It took Hollywood 76 years to make a big screen version of Wonder Woman. Multiple directors tried and failed, partly because Wonder Woman is a difficult character to bring to life and partly because of fear of something new. “The [superhero] genre became synonymous with young men, and so I think there was a concern that they wouldn't be as interested in a female lead, and it's taken years for that to sort itself out,” director Patty Jenkins told Cinemablend.
Now, she’s finally here—and in theaters today.
Although the film’s release is groundbreaking, the story itself is still informed by a male-led genre. Wonder Woman is for fans of Captain America, because that’s what this film is, essentially: Captain America in female form. The story is light and idealistic and takes place in the past—World War I, in this case. The good guys are rewarded and the bad guys have simple motives. Like Captain America’s alter ego Steve Rogers, Wonder Woman’s Diana—played by Gal Gadot—is a hero who believes in black and white but is thrust into a world of grey. She defines herself more by her ideals than her invulnerable powers. And she meets another true believer (Chris Pine’s Steve Trevor) who, though a mere mortal, fights the same fight for similar reasons.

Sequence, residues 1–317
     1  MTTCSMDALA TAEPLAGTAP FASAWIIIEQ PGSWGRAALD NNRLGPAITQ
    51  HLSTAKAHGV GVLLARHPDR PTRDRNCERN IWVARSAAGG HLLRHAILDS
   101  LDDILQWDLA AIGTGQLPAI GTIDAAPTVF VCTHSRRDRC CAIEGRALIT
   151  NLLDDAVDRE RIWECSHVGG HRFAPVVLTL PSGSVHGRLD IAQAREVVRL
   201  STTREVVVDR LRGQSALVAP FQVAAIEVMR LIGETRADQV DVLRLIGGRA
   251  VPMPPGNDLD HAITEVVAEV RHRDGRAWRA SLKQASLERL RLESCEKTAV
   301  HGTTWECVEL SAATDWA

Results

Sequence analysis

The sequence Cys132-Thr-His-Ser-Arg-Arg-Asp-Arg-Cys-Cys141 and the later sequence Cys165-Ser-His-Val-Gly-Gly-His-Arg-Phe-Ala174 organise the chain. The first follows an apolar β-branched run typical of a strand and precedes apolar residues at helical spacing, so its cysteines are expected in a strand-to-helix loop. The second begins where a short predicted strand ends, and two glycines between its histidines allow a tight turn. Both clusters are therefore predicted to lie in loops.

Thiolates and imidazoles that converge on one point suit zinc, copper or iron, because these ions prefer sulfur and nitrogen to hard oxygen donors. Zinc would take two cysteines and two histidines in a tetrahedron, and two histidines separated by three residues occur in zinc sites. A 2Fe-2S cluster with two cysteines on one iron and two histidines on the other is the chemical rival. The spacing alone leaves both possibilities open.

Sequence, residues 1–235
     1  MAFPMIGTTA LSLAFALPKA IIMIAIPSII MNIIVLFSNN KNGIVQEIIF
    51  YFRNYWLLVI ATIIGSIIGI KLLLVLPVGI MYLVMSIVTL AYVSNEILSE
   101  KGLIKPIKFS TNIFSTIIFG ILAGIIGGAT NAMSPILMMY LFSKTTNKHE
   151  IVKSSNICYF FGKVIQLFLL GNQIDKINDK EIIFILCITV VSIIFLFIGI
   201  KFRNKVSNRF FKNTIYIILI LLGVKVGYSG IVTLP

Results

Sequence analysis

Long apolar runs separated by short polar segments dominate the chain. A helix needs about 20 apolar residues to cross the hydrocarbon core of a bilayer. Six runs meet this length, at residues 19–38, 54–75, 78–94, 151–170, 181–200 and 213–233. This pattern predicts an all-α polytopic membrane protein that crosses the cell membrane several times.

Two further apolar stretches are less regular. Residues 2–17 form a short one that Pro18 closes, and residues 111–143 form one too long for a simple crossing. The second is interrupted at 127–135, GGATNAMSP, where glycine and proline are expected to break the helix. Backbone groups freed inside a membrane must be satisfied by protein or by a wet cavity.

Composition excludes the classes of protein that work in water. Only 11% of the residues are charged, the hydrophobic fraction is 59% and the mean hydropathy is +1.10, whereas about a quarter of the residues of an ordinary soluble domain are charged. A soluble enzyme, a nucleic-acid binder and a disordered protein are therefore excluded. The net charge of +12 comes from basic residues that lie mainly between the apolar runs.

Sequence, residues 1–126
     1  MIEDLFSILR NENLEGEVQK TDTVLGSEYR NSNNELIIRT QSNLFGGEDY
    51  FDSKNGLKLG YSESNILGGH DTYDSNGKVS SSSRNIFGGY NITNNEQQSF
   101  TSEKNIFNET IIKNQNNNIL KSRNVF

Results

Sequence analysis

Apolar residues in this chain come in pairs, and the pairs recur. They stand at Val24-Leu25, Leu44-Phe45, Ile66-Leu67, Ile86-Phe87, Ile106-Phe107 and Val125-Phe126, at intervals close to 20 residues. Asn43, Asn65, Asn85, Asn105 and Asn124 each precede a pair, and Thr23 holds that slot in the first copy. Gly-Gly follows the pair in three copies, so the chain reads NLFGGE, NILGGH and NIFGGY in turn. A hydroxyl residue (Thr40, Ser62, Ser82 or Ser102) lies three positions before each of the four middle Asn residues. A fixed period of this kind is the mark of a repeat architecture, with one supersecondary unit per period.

The simple plot is made more interesting by “pretty” fight scenes (Diana looks like an Herbal Essences ad in the middle of a battlefield), by the funny moments of Diana’s confusion about the “real world,” and by Diana Prince herself (never actually referred to as Wonder Woman), who manages to be both stately and emotive, powerful and innocent.
Although the film follows a somewhat traditional ...1
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